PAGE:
#1
Heya, my band is playing "Foxy Lady" by Jimi Hendrix, and I'm having trouble finding anything interesting to play. The solo takes place over an F#7add#9 chord(the way we play it). I usually use the pentatonic to highlight the changes between chords, and the solo just sounds boring and drawn-out when I use the pentatonic alone. I'm also not really sure what scales 7add#9 chords are built from.

Any help would be appreciated.
#2
Mess with rhythmic ideas and dynamics. Like use harmonics and double stops, slides, bends etc. Connect everything together. Maybe add some chromatics. Just be creative really.

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#3
Quote by Declan87
Heya, my band is playing "Foxy Lady" by Jimi Hendrix, and I'm having trouble finding anything interesting to play. The solo takes place over an F#7add#9 chord(the way we play it). I usually use the pentatonic to highlight the changes between chords, and the solo just sounds boring and drawn-out when I use the pentatonic alone. I'm also not really sure what scales 7add#9 chords are built from.

Any help would be appreciated.


7#9 chords (the infamous 'Hendrix Chord') get their character from blurring the boundary between a dominant tonality and a minor flavour.. the #9 is effectively a minor 3rd.. so you have a major AND minor 3rd in the same chord...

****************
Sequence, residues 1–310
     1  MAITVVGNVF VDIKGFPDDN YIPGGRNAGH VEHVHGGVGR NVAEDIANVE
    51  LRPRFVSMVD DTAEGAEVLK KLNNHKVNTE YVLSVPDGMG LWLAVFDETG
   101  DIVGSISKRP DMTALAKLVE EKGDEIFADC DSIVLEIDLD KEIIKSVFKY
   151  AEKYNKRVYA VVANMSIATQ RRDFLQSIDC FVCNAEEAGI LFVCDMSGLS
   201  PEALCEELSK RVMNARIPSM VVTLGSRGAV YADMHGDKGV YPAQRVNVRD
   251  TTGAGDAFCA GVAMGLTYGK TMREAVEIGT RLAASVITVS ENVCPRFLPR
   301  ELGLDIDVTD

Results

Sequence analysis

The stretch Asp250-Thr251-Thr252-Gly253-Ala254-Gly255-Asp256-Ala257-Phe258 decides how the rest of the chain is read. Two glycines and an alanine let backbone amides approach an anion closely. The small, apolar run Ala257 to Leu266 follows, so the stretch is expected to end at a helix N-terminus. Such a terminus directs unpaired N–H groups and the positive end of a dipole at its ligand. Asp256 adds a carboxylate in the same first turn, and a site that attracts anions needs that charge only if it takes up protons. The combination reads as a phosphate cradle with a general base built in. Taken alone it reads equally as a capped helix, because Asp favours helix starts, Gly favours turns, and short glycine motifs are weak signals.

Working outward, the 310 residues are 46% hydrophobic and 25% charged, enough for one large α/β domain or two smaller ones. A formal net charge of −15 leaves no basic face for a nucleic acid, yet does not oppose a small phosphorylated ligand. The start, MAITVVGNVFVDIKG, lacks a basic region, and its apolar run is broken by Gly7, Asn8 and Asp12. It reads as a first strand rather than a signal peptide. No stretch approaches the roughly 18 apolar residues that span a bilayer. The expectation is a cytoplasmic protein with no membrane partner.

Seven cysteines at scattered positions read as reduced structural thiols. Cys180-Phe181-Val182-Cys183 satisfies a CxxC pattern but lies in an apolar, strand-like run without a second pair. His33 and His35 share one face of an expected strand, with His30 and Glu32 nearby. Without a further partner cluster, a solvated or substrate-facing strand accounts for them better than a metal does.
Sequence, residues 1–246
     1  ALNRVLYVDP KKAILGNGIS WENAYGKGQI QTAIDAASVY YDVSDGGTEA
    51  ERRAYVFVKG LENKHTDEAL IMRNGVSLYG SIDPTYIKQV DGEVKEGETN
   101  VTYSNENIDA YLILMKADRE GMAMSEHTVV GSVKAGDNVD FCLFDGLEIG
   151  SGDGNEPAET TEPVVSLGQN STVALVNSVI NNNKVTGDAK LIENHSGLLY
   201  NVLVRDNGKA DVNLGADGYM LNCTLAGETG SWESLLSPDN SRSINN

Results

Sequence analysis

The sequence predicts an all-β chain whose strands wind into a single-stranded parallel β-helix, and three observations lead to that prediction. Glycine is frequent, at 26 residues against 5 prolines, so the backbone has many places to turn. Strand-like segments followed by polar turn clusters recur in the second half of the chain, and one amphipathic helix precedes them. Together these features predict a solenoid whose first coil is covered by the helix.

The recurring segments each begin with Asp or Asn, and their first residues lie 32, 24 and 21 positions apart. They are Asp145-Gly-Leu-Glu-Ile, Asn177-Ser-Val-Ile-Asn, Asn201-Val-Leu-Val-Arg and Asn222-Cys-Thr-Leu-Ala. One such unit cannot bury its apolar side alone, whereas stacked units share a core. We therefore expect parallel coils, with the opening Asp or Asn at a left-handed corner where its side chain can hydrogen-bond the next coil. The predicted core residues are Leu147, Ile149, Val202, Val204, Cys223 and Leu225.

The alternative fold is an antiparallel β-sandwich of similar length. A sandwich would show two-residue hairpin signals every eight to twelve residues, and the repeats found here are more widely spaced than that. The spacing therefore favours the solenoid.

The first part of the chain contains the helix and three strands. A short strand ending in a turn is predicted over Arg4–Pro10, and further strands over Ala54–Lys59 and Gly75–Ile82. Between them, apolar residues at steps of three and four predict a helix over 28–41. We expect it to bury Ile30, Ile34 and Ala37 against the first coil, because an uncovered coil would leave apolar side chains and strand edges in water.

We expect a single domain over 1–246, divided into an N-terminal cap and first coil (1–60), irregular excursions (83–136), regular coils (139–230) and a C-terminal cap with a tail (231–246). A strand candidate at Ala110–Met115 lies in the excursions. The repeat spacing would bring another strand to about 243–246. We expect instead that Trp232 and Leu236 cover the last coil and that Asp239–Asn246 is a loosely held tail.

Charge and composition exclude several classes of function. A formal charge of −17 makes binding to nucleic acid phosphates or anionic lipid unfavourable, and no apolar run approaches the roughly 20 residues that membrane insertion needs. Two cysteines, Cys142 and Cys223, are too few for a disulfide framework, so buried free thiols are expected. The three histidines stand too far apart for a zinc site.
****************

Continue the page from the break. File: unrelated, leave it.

the most natural sounding group of notes to use over this would be mixolydian.. but you need to introduce a minor 3rd and play in that gap between dominant and minor... so consider experimenting with F# minor pentatonic, F# Dorian and F# mixolydian.. those 3 are the 'safest' and most obvious clumps of notes to choose from... lots of mileage to be had from bending that minor 3rd all kinds of distances

don't forget you can connect up notes chromatically to add flavour... such as connecting up the 4th & 5th with a chromatic note (the b5 blues scale note in other words), or moving from the b7 to the root is always good... chromatic movement downwards from the minor 3rd to the root can sound good in the right place...

with the hendrix chord you have an inherently 'unstable' harmonic environment due to the clash of the minor & major 3rd... so your listeners ear can generally take a lot more in the way of 'outside' notes than if you had say, a nice major 7th chord

for very long single chord vamps... listening to Frank Zappa might give you some ideas... his stuff can be 5,6,7 minutes long on one chord... frequently modal static vamps... i.e. dorian or lydian... he tends to get variety and interest by varying the note density, volume, register.. and of course, having the guys backing him change what they're doing to support the guitar... there's nothing worse than trying to introduce light & shade into an improvised solo, only to find the other guys are blindly hammering away without listening to what you're doing
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